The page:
These answers aren't very helpful to budding authors who generally view the process of storytelling as some mythological, magical experience. (However, the tip about walking is great to help the writing brain!)
So, I thought I would write about what inspires me to write the often eccentric, undead-filled stories that I've been publishing as of late. Keep in mind that everyone is inspired in different ways, so some of these techniques may work for you, and the ones that don't can just be discarded.
The first step for me becoming inspired is to see or read a story that resonates with me deeply. What makes me hooked on something? Currently I am hooked on horror. To take that a step further, I am hooked and fascinated by supernatural horror.
What fascinates me about that particular genre?
I now go through and mentally come up with reasons for my addiction to the genre.
- I'm interested in the unknown and what happens to people when they refuse to pass on after death.
- I'm interested in the struggles of a family dealing with an entity that they cannot see.
- I'm interested in the process of figuring out how to battle an invisible foe - if they can be battled at all.
- What do you do when your house is no longer your home?
- Where do these ghosts come from?
- What is the history of an old home? How many life stories has it been witness to?
The list can go on for a while, but it's great to get those hooks into the front of my creative brain because those are exactly the hooks that I'm going to be using in my piece of fiction. Hopefully these hooks will also captivate a new reader.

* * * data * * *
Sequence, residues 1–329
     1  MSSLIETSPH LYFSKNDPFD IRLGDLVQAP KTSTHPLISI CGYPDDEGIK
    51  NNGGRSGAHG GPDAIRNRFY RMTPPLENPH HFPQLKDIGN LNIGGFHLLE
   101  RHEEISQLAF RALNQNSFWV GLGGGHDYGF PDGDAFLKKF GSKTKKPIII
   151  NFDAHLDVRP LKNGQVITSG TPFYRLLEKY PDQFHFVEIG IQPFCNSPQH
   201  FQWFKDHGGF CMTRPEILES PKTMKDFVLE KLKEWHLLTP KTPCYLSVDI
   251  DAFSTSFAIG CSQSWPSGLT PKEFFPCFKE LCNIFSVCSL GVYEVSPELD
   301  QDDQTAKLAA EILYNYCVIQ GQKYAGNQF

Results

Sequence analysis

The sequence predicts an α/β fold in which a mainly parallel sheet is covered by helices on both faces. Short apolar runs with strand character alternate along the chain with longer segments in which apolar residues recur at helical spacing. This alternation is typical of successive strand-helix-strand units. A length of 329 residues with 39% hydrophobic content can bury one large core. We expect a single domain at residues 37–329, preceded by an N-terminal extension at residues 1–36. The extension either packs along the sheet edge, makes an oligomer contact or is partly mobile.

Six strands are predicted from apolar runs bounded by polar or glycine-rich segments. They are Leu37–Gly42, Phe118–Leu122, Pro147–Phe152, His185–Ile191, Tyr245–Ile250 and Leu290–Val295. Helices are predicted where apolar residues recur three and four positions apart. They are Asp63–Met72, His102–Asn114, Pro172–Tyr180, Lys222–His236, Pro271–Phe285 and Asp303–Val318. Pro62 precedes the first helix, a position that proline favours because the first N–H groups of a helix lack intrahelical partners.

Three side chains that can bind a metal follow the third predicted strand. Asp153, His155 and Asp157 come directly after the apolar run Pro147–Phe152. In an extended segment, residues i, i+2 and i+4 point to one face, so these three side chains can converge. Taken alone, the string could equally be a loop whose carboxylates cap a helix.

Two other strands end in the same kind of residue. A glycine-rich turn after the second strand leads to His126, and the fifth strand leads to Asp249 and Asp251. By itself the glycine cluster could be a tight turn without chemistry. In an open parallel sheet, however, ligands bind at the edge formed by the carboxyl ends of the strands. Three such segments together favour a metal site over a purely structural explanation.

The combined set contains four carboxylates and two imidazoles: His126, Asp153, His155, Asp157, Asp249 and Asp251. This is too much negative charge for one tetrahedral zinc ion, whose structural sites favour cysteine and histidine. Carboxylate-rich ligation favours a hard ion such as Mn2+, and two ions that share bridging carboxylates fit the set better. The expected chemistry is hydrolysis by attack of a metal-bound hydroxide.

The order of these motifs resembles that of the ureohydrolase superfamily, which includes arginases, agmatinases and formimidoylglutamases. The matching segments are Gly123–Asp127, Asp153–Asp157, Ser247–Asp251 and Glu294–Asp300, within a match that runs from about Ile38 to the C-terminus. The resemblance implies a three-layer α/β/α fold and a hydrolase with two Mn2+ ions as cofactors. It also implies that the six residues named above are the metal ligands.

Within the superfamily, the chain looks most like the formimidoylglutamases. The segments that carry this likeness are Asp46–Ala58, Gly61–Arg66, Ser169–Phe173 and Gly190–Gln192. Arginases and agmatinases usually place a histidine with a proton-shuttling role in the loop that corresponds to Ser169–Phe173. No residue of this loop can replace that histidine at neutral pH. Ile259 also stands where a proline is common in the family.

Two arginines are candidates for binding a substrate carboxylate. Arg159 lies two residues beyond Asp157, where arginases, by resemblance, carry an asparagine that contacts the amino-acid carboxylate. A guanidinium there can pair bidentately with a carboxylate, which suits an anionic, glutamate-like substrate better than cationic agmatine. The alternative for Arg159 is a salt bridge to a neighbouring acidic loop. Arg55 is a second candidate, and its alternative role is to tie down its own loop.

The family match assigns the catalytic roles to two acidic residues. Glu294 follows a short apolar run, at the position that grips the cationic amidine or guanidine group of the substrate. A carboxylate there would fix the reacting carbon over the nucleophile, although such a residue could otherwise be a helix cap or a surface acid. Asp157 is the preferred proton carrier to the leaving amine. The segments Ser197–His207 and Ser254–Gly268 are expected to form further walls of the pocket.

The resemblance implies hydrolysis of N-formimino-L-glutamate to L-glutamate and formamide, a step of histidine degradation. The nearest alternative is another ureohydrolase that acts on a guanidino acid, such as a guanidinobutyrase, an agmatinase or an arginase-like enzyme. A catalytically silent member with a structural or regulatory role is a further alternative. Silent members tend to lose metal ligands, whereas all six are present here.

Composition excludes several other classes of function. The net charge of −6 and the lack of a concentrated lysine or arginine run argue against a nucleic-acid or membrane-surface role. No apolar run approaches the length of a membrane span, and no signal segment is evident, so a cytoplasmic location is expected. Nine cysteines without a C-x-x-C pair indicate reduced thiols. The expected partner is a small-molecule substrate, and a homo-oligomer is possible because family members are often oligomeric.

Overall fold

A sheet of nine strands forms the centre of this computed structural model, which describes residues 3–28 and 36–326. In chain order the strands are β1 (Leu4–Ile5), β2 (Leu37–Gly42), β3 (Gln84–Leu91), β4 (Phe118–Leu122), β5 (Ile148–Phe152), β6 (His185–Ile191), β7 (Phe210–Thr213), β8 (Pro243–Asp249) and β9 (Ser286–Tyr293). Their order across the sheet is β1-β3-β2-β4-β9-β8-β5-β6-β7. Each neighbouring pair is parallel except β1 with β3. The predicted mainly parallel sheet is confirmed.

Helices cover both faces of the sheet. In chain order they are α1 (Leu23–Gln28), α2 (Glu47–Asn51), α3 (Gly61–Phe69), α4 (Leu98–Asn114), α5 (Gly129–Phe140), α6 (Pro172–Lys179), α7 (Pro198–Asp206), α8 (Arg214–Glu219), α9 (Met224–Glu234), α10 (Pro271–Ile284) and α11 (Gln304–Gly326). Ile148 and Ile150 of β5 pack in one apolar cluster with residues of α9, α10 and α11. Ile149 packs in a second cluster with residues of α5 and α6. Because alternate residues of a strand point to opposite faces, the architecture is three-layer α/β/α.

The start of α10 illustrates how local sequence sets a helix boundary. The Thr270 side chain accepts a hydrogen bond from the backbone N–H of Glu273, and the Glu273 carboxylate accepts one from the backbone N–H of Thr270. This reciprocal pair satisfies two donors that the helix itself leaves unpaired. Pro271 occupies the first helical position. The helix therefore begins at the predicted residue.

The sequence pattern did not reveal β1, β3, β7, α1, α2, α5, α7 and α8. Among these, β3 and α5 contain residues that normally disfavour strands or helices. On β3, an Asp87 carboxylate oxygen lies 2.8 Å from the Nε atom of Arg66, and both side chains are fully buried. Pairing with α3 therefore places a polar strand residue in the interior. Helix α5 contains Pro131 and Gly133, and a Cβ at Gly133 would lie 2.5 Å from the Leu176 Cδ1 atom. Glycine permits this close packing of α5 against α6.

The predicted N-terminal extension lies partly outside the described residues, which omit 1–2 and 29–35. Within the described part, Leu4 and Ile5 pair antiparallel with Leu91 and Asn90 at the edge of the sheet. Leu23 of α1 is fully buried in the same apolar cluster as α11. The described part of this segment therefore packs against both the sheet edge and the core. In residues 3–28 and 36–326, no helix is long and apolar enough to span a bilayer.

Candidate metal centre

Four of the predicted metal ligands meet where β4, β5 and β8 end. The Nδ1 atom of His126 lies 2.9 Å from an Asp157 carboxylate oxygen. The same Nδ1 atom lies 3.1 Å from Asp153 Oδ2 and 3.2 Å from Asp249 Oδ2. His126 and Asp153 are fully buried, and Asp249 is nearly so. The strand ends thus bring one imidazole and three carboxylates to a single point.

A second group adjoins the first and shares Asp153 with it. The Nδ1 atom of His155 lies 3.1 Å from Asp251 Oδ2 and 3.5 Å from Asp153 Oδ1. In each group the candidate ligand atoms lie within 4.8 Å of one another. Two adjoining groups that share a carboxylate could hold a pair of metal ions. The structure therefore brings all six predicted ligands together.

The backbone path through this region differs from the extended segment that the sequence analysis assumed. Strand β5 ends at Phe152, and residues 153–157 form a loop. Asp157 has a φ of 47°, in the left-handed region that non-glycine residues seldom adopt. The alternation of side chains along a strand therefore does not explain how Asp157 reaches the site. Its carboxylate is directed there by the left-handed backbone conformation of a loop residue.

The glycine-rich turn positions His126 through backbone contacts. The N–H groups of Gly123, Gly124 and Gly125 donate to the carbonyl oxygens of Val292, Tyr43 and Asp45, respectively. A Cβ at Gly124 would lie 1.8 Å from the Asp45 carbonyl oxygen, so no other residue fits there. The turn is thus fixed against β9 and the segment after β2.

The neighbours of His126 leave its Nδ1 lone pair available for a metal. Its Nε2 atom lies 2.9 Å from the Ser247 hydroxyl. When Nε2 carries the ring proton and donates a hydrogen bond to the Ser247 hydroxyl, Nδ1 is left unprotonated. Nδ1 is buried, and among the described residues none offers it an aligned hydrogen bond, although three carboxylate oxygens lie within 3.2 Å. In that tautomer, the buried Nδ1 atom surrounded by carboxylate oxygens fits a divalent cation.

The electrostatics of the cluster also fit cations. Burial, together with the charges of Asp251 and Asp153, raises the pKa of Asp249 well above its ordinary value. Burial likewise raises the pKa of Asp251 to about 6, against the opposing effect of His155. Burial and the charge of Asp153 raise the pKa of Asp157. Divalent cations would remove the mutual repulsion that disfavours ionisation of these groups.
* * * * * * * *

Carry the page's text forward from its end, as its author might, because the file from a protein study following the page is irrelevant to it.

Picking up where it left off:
What's also exciting about the horror genre is that I am free to create anything that I want. What terrifies me? As I said, I am afraid of the unknown. This allows me to write plots where unexpected and often times unexplainable phenomena will happen to my characters and they will react in ways that are human and realistic. When they were just coming to terms with their everyday problems, a supernatural problem will take the cake in their lives. This can be a zombie infestation, a rogue virus, or even a home invasion haunting.
Next in my journey of inspiration I will look for research and odd bits of information to fuel my imagination. Typically I will follow a thread on Wikipedia and follow the links deeper and deeper until I find something I've never read or heard of before. This is great practice because it will give you a well of information and anecdotes to sprinkle through your story. It also helps to read about real events that have happened to real people in order to ground your story somewhat in the real world. Even horror needs to be grounded for the audience to extend their disbelief, otherwise it becomes a farce.
Then from there I craft characters and their backstories and come up with the beginning of my plot outline.
This exercise is so rewarding. I highly recommend any new writers give it a shot and see how much more enriched their imagineering time becomes - and how quickly their notebook fills up with bits of information that can sometimes be too crazy to be real. But, you know the old saying that truth is stranger than fiction.
It's definitely spot on.